Ah, the challenges of travel! I have arrived in Durham, but it was really lucky I never got to Leeds.

Since Wetherby no longer has a rail station, bus or taxi are the only ways in or out without your own car. I have, of course, this awful bag to deal with. The best way by bus seemed to be to go to Leeds (the stop for Bus 7 being right outside my flat door). But strangely, that bus does not go to the Leeds Rail Station, only the bus station, and I’d have to pull my bag quite a ways in a big city. At least I assume it’s a big city, since I never got there.

Instead, I happened to see the night before, by looking up buses online, that it might be possible to get to York without changing buses. I had thought I’d need to pull the bag five blocks to Wetherby bus station, possibly in rain and cold (so much for the post office queue predictions). But they had a new service, and since I happened to be ready to go early, I went outside and waited. Amazingly, it all worked and I got to York early, so I put my bag in the Left Luggage (the sun was out — the young man taking the luggage was grumbling continually that the sun meant more work for him). Of course I went to my favorite place in York: The York Castle Museum. And my favorite place in the York Castle Museum: The Victorian Street.


When I was done, I had some lunch (can’t get enough cheese and chutney sandwiches), then went to the station to buy a ticket to Durham. There were notices and announcements that trains from Leeds were all cancelled, due to a “trespassing” problem. So if I’d gone to Leeds as planned, I would have been stuck. As it was, there was only one train, due to leave in 15 minutes, and the man at the ticket desk said it would be £37, which is really high, and no seat reserved (I had to stand up last time from Leeds to Durham). He told me, “to be honest, you could probably get a better price using the app”. The app? Oh, you mean Trainline? Yes, he said. I thanked him, pulled my awful luggage over, and engaged in panicky work on my phone (I’m not fast on phones). He was right: £16.95 and a seat reservation!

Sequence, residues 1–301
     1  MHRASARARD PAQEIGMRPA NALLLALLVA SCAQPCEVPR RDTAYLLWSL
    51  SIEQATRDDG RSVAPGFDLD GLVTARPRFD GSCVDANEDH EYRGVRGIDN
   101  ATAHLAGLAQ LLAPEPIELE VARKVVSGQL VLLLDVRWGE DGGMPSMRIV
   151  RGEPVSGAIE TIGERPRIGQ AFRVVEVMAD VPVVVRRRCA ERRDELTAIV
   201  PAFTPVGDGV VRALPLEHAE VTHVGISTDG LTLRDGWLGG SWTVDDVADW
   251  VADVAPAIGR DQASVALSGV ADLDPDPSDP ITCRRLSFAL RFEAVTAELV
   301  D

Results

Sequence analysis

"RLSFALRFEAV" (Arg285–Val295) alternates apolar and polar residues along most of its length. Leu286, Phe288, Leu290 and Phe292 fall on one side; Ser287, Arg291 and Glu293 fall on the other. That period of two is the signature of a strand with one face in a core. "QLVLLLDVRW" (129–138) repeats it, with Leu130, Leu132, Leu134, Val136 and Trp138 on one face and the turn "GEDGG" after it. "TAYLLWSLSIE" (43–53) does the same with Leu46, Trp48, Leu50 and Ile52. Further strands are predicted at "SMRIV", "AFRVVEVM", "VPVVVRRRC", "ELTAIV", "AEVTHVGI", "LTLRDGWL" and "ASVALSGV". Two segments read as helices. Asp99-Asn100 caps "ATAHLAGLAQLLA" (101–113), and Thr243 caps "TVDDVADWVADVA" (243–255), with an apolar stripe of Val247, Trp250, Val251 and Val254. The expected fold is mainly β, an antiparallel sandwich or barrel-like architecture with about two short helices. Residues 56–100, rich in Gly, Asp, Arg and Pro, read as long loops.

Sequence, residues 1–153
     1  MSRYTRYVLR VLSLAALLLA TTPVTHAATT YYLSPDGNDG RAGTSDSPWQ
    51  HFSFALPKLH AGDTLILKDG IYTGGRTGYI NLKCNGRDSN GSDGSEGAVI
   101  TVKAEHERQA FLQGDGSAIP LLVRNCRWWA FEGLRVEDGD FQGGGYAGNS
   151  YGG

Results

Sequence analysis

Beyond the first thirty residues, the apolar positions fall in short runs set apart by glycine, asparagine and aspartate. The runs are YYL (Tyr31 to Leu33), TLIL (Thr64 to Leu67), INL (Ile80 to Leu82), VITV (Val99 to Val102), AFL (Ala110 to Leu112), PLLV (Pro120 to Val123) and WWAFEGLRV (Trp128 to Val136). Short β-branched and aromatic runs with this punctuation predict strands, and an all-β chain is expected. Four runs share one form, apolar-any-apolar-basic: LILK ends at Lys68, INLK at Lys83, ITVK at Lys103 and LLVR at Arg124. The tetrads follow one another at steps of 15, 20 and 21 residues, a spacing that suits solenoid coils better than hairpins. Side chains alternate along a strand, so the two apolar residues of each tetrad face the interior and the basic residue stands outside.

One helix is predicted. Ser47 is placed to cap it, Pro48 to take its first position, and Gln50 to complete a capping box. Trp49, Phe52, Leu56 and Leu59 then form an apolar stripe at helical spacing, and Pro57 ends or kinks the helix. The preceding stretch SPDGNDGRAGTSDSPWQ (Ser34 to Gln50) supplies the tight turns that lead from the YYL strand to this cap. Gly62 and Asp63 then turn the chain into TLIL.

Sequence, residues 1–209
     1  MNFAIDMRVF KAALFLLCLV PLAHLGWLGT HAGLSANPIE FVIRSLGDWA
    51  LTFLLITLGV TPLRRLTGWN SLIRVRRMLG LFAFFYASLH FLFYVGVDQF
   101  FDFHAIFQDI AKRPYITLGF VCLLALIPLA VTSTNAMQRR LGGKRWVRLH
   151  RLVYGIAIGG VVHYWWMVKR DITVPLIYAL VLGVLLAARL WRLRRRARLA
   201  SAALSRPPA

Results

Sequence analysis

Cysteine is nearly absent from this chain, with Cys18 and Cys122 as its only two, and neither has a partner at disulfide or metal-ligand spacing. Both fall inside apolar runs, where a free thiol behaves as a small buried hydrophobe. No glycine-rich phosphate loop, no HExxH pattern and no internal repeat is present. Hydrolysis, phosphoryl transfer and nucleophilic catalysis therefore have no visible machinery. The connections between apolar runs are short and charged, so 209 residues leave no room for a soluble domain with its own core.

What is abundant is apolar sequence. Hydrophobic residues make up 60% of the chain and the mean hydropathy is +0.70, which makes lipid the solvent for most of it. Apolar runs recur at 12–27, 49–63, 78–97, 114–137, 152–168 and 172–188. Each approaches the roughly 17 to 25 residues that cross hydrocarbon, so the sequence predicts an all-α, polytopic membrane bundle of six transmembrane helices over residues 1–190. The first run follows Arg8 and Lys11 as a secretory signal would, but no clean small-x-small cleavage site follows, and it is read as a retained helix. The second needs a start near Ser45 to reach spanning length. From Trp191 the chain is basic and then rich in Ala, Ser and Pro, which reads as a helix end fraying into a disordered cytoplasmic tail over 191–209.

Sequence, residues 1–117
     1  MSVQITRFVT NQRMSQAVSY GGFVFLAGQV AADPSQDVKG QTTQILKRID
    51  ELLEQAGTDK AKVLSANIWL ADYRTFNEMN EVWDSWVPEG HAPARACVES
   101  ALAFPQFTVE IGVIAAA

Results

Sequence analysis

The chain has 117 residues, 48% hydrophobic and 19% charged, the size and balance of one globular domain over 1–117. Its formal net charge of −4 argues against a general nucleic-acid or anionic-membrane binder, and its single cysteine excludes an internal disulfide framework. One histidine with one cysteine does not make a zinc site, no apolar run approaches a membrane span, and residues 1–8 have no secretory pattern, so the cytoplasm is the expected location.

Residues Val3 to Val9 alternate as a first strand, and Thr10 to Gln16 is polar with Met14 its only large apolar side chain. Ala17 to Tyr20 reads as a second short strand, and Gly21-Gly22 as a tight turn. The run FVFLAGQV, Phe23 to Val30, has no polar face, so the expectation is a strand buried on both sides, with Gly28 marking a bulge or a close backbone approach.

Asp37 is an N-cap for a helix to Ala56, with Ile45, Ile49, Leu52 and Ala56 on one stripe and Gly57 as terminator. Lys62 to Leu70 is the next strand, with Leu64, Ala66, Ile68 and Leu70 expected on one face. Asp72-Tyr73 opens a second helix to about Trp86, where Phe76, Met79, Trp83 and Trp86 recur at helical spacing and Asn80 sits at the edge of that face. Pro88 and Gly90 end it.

But you see, everyone who couldn’t get a train thanks to the Leeds issue was either waiting on the platform, or had gotten on the train further south. The train had only four carriages (one was first class) and there was no space in baggage sections for my bag, so I dragged it down the aisle. Someone was in the seat I had reserved, and she told me none of the reservations were working today so forget it. The people behind me were getting unhappy, so I maneuvered my bag to the far end of the carriage, and left it in the aisle in a way that people could step over the wheels, and took the last remaining seat (much to the consternation of the gentleman with the cane seated on the aisle).

A strictly uniformed analysis: I will blame (loudly!) the privatisation of British Rail. It makes the railways unresponsive to any urgency. To add more cars in response to the Leeds closure, that particularly railway (CrossCountry) would have needed to have cars in the right place. They can’t, because all the competing companies need space too, and there wouldn’t be enough storage for anything along the lines for all the different carriers.

But it’s all worth it because…Durham.

The pictures give an idea of why I come here. I love it, even though it has nothing to do with my research. When I popped into the Victorian Street sweet shop at the museum in York, I chatted with the proprietess. Mentioning I was working on a project about H.G. Wells, she frowned and said, “but he’s from the south”. I get that reaction up here a lot. Everyone seems to know where H.G. Wells is from, and that it isn’t here.

But, wait. What’s up with the cathedral tower? I usually go to the cathedral as soon as I get into town, and for the past several years the tower has been covered up for repairs. I noticed the lack of coverings as I came upon the cathedral from the river path.

I love the services at Durham Cathedral, but I’m ignorant. I had no idea I was there on Ascension Day, or that because of this the service would be different (I had to walk in a procession down the nave, and inhaled vast quantities of incense). I also had no idea that the celebration was special for another reason, because the tower was being reopened, right after the service. They invited everyone to go outside on Palace Green after the service and listen because the choir, climbing all the way up to the tower, would sing out over the city, followed by bell ringing.

What a wonderful welcome to Durham.


More on Durham: posts from 1 July 2017, 18 September 2018

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